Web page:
After two decades of delay, major questions arise as to how many of the files have been destroyed, pilfered, or “laundered.” A 2004 study by the Sofia-based Center for the Study of Democracy reported that 144,235 files had, by that time, already been completely destroyed. If her file is not among those already destroyed, one of the most prominent foreign service officials very likely to be revealed as a CSS/KGB operative is Bulgaria’s current Ambassador to the United States, Elena Poptodorova, who was photographed with President Barack Obama in an official White House ceremony on August 12, 2010 (see here).
Poptodorova served in the Foreign Ministry as a member of the Bulgarian Communist Party during the 35-year reign of Bulgaria’s Stalinist dictator, Todor Zhivkov, and according to some accounts was close to Zhivkov, serving as his translator.
When the Communist Party changed its name to the BSP, she was elected speaker of the BSP group in parliament.
There are many other highly placed individuals — in all levels of elective and appointive civilian office, as well as the police and military — who do not want the secret Bulgarian files to see the light of day. But it may be the big names in Bulgaria’s so-called private sector who will be most anxious about (and who will most violently oppose) release of the files. As in all of the former states of the Soviet Union and its communist Warsaw Pact allies, Bulgaria’s phony “privatization” program simply amounted to a massive transfer of state assets to Communist Party officials and intelligence service agents. They became instant millionaires and billionaires. They control most of the Bulgarian economy, the government bureaucracy, and the media. After its defeat in World War II, Germany was subjected to a long and severe “de-nazification” program to root out all former Nazis and deny them positions of power in the new Germany. No similar purging of communists has been allowed to take place in any former states of the Soviet empire.
While Bulgaria does not loom large on the radar screens of most foreign policy wonks, and many Americans would have a difficult time even naming the continent on which it could be found, it deserves more serious attention. Now as a member of NATO and the European Union, Bulgaria has access to military, diplomatic, political, banking, financial, business, and technological circles it could only dream of a generation ago. However, the communist apparatchiks and intelligence agents who ran the old Zhivkov regime during the Soviet era not only continue to cling to power and sabotage all genuine efforts aimed at reform, but also use their leveraged positions to help Bulgaria’s mafia spread its tentacles throughout Europe. And Bulgaria’s CSS/mafiosi work hand in hand with their Russian KGB/mafiosi, same as in the old days.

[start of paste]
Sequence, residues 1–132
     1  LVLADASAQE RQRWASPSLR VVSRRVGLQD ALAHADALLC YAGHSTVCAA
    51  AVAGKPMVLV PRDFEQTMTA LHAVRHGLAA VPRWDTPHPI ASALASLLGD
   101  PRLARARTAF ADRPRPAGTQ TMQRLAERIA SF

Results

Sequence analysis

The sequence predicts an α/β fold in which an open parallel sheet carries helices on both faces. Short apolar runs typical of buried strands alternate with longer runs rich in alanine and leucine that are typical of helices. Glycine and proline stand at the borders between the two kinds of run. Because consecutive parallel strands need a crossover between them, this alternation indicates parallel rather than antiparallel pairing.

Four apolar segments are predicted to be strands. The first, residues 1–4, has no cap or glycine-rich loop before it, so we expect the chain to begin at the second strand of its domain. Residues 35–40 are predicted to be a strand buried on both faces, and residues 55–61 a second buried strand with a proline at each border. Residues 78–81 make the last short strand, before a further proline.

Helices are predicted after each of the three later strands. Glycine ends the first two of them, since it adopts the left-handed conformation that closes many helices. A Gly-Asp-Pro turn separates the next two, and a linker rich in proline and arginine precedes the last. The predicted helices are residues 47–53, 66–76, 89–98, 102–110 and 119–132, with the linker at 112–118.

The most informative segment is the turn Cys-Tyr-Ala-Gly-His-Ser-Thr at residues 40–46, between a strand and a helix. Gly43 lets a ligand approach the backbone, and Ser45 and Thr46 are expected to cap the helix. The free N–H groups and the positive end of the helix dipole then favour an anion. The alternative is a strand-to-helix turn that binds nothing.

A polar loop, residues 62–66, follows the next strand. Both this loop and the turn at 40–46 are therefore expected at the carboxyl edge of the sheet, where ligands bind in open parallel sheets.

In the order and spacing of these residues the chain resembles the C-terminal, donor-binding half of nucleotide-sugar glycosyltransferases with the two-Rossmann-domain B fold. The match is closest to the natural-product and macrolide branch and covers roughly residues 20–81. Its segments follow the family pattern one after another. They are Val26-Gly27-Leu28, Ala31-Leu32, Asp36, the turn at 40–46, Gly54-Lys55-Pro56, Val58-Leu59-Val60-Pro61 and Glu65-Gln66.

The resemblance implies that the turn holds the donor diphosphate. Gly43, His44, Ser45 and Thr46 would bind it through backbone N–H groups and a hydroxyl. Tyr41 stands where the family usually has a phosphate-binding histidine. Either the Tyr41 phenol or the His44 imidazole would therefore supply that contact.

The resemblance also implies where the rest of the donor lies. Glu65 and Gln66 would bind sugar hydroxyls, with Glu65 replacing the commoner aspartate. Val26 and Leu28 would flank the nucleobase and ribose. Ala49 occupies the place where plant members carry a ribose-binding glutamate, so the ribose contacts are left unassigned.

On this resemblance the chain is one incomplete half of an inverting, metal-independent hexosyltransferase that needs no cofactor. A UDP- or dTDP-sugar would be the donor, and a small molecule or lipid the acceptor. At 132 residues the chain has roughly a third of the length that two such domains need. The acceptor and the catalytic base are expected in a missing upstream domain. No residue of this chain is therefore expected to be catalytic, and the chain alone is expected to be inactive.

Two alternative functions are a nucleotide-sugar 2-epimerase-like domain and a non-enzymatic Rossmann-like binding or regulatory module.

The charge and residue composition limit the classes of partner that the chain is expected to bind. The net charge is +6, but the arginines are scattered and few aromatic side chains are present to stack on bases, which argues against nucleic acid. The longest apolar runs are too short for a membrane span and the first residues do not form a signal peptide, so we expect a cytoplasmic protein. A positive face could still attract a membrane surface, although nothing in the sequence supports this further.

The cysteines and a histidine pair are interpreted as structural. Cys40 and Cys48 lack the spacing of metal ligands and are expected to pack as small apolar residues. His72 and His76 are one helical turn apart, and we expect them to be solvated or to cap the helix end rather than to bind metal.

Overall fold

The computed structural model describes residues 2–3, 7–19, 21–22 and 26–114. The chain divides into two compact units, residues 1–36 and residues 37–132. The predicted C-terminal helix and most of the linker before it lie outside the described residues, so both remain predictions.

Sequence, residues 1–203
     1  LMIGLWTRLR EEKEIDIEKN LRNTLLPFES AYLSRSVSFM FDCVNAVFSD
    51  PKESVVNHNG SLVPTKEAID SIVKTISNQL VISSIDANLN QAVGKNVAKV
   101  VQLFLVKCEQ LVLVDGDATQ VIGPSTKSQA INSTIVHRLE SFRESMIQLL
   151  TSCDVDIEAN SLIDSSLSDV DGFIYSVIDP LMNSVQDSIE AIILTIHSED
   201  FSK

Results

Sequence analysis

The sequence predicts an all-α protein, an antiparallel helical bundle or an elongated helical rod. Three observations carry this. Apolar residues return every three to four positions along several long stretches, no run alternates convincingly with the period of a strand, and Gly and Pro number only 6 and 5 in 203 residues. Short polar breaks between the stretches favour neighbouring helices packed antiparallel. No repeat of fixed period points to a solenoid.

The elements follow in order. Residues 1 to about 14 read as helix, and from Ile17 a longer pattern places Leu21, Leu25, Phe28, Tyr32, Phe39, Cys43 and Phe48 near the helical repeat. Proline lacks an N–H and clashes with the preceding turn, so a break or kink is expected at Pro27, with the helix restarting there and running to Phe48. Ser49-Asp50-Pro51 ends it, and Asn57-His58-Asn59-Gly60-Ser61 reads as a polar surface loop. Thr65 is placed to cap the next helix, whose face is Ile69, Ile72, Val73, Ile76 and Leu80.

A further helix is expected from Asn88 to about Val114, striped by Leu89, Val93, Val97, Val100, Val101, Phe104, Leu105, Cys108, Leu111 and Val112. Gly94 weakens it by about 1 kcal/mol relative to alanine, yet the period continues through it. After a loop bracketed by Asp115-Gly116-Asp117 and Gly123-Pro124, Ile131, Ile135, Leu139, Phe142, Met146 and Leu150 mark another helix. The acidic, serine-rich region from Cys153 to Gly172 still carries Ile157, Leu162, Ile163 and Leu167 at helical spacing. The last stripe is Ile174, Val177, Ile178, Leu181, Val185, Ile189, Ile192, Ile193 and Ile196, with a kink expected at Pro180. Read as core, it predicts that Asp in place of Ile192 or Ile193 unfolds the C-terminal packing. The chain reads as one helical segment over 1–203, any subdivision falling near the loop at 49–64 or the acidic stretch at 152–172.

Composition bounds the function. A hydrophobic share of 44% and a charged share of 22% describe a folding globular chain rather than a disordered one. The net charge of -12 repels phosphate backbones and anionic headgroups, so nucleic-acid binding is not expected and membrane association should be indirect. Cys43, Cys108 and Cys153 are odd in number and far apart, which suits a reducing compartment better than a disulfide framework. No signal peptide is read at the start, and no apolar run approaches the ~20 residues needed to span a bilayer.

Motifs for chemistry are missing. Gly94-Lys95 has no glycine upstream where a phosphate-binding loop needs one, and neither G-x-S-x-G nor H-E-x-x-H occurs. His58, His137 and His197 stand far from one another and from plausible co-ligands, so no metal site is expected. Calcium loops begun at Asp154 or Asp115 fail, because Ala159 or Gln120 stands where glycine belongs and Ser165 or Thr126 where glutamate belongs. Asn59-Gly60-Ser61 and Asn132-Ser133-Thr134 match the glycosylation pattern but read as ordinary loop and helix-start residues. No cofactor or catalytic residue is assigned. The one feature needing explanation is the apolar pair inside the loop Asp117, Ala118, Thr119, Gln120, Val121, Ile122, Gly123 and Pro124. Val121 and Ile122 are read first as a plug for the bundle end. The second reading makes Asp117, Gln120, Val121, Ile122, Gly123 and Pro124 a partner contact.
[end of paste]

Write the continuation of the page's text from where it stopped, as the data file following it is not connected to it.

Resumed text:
A recent example of this ongoing Moscow-Sofia symbiosis can be seen in the case of notorious arms dealer Victor Bout, the “Merchant of Death,” whose trial in New York City ended with his conviction on November 2.
The government’s star witness in the case was Victor Bout’s longtime business associate Andrew Smulian, who testified regarding, among other things, Bout’s dealings with illegal arms dealers in Bulgaria. The surface-to-air missiles that were at the center of the case against Bout were weapons he had been scheduled to buy from the Bulgarian firm KAS Engineering, for sale to (he thought) the FARC terrorists of Colombia. As it turned out, the “FARC” representative he was dealing with was actually a U.S. DEA agent.
Guilty! Viktor Bout the “Merchant of Death”
Viktor Bout and the Russian Terror Network
“Merchant of Death” Trial Still Looms
Photo of Rosen Plevneliev: AP Images